"The greatest palace that ever was … The walls were covered with gold and silver and the Hall was so large that it could easily dine 6,000 people."

Even though Marco Polo tends to exaggerate in his reports – we’re not even sure if he ever really made it to China – still Xanadu, or Shang-tu on this map, the palace of Kublai Khan where Polo arrived in May 1275, seems to have made a serious impression.

The perfectly rectangular walls of Xanadu, lightly etched in the grasslands.

Apart from being Polo's benevolent host, Kublai Khan is an exceptional figure in both Mongolian and Chinese history. Building on the astounding military successes of his grandfather Genghis, Kublai Khan institutionalized Mongolian rule over China and became the most important ruler of the Yuan Dynasty.

While Genghis, with his flexible army of superbly co-ordinated cavalry, destroyed hundreds of cities across Asia and Eastern Europe, Kublai built cities. Khanbilaq, established by Kublai as the central power base for the Yuan Empire, would develop into Beijing, the capital city of China, the heart of China's institutions until today. Ironically, the capital of the Wall Builders was founded by the grandson of the most famous nomad ever.

Even after Kublai moved to Khanbilaq, he returned to Xanadu during the summers - closer to home... "The palace of Sheng-tu was made of cane supported by 200 silk cords, which could be taken to pieces and transported easily when the Emperor moved …”

The Yuan Dynasty remained an uneasy marriage between two diametrically opposed cultures. Despite Kublai's efforts to leave his nomadic roots behind, he and his successors kept on being regarded as foreigners. Too Mongolian for the Chinese, and too Chinese for the Mongolians, the Yuan Dynasty only lasted for one hundred years.

Not really surprising for a palace of cord and silk, the Rough Guide notes that today "virtually nothing of the site remains”. That's still enough to set out on a side excursion today.

construction of a new trian line outside of Zhangleanqi

Unfortunately I have no characters for Xanadu, but some directions from a shopkeeper instead. A little later, shepherds point in the same direction. And after turning north, in the distance… a palace! A bright white one, with domes, dramatically approaching on the axis of the road. Is this what Marco Polo saw seven centuries ago? Would it have been reconstructed since the Rough Guide passed here? Has it turned into a Marco Polo amusement park? Where are the busloads of Chinese tourists?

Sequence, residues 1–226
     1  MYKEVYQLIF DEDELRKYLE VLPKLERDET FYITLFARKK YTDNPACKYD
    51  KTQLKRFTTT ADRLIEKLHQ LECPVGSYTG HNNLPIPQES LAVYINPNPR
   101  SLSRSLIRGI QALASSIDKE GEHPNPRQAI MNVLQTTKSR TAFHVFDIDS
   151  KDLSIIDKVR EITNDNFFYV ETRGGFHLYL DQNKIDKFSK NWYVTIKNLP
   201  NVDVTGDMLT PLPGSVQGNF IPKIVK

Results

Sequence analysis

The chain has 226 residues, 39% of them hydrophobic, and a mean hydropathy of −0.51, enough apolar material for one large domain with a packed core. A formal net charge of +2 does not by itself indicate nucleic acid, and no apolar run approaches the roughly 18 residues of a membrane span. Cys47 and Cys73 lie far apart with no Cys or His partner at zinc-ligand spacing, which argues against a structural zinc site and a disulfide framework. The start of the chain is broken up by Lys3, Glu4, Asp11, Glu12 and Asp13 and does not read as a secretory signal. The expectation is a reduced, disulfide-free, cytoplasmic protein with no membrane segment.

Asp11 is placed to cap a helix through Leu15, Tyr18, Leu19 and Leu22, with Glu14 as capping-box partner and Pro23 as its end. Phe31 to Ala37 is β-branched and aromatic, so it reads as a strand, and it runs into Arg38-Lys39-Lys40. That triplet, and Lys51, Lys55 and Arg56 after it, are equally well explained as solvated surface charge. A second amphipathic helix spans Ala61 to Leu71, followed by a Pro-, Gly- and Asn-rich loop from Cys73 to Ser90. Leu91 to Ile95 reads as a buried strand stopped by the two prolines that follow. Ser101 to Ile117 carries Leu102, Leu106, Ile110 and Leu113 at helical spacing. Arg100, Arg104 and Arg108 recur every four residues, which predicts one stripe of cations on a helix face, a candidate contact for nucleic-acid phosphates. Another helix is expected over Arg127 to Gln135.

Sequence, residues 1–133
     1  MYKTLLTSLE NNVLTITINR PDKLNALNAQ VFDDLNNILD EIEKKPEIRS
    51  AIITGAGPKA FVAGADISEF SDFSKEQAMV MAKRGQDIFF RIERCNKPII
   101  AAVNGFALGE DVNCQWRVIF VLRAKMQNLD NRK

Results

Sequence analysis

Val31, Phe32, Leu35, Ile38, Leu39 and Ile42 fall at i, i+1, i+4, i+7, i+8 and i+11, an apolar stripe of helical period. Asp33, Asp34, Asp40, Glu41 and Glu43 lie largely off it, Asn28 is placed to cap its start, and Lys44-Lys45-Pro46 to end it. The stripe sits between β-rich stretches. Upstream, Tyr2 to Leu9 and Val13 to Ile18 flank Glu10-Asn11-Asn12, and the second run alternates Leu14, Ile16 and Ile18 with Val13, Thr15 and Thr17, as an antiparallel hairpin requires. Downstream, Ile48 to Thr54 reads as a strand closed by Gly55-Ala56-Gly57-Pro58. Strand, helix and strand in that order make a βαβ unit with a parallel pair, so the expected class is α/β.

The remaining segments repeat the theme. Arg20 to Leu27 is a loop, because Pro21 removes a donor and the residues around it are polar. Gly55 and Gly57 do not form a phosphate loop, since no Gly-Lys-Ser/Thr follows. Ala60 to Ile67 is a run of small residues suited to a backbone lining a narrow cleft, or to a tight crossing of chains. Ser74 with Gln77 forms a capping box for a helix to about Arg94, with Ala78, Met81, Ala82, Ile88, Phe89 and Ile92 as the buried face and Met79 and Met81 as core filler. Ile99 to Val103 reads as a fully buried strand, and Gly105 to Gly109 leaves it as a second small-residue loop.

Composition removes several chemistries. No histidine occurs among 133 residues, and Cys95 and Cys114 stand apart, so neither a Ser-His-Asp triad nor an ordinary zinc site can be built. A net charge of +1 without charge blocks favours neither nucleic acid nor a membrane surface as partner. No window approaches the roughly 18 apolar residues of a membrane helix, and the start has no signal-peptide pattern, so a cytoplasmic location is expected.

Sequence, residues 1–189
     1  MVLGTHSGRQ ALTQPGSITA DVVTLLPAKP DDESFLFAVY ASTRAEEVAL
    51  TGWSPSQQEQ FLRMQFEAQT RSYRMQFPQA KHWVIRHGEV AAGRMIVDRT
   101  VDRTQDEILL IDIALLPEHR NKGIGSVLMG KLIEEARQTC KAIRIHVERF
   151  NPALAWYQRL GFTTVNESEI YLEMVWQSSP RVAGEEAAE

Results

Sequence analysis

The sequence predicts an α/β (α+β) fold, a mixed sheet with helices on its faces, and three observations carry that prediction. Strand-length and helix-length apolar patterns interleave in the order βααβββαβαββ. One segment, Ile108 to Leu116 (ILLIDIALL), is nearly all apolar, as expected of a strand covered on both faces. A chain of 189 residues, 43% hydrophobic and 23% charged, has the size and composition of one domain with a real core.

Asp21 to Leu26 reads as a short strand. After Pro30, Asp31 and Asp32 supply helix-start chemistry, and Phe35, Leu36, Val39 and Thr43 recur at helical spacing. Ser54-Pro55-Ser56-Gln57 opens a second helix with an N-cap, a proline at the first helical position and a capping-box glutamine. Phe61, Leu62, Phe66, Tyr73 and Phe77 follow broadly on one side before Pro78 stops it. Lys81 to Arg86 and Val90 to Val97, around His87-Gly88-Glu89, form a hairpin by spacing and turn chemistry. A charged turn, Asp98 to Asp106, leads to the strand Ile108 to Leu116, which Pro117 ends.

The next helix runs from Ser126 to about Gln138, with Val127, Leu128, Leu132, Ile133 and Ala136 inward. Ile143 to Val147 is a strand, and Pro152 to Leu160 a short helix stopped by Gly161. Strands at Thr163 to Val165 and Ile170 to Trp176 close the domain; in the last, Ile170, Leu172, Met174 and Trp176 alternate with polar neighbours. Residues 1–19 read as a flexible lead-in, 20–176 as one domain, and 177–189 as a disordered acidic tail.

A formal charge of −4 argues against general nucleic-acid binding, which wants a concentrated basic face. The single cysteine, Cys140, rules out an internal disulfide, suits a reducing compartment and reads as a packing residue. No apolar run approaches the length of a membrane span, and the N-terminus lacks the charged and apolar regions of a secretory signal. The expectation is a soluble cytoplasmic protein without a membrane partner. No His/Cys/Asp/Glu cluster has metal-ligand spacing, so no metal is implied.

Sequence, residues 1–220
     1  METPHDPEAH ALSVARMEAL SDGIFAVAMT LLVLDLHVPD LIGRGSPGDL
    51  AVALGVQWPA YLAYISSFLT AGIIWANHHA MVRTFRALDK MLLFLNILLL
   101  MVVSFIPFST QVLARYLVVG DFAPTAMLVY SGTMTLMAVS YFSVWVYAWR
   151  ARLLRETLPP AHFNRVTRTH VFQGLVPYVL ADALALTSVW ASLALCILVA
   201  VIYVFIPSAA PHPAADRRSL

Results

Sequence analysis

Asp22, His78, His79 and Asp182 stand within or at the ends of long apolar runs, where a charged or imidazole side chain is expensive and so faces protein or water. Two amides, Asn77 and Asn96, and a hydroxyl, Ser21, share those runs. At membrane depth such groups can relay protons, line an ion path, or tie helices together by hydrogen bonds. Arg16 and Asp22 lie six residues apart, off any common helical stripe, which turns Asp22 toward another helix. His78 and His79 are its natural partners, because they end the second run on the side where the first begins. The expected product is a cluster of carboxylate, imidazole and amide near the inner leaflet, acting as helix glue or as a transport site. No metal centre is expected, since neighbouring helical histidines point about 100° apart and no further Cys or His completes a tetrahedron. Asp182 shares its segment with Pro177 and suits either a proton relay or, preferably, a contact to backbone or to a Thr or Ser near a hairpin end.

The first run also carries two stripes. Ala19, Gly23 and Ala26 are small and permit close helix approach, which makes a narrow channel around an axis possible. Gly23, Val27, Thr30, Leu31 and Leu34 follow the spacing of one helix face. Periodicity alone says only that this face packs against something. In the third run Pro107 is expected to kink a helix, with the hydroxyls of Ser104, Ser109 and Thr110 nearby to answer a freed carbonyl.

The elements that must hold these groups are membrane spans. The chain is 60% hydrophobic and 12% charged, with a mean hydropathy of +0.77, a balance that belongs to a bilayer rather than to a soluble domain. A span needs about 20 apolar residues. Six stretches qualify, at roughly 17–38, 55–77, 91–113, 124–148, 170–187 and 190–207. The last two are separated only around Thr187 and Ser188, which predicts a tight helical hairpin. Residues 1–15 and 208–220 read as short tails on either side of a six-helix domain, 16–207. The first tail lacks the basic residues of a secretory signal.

Once I pass through the gate and come to a halt, there's no time left for those questions. Soon I'm surrounded by the Mongolian republican guard, and surrender immediately – this time my face definitely at least as astounded as the ones around me. There we stand for a while, silently gazing at each other, some of the warriors casting jealous glances at my horse… A crew member breaks the spell, confirming they are shooting a “moving” there.

After wandering around the movie set for a while, suddenly I remember what brought me here. From the same crew member, I understand these white domes serve as a 'Mongolian style' tourist village outside the movie making season.

No remains, I find out after some wandering around, no greatest palace that ever was...

So I take off, kind of disappointed yet happy with the surprise, waved off by the colorful circus.

But another surprise is waiting ahead. While bending north and trying to reconnect to the road to Sanggin Dalai, all of a sudden, I come across a loosely closed metal gate blocking the road. RIght next to the gate, an abandoned ‘museum’, and a shack with remains of archeological activity: some books and drawings, even some clothes and a bed, with the wind blowing through. No one around.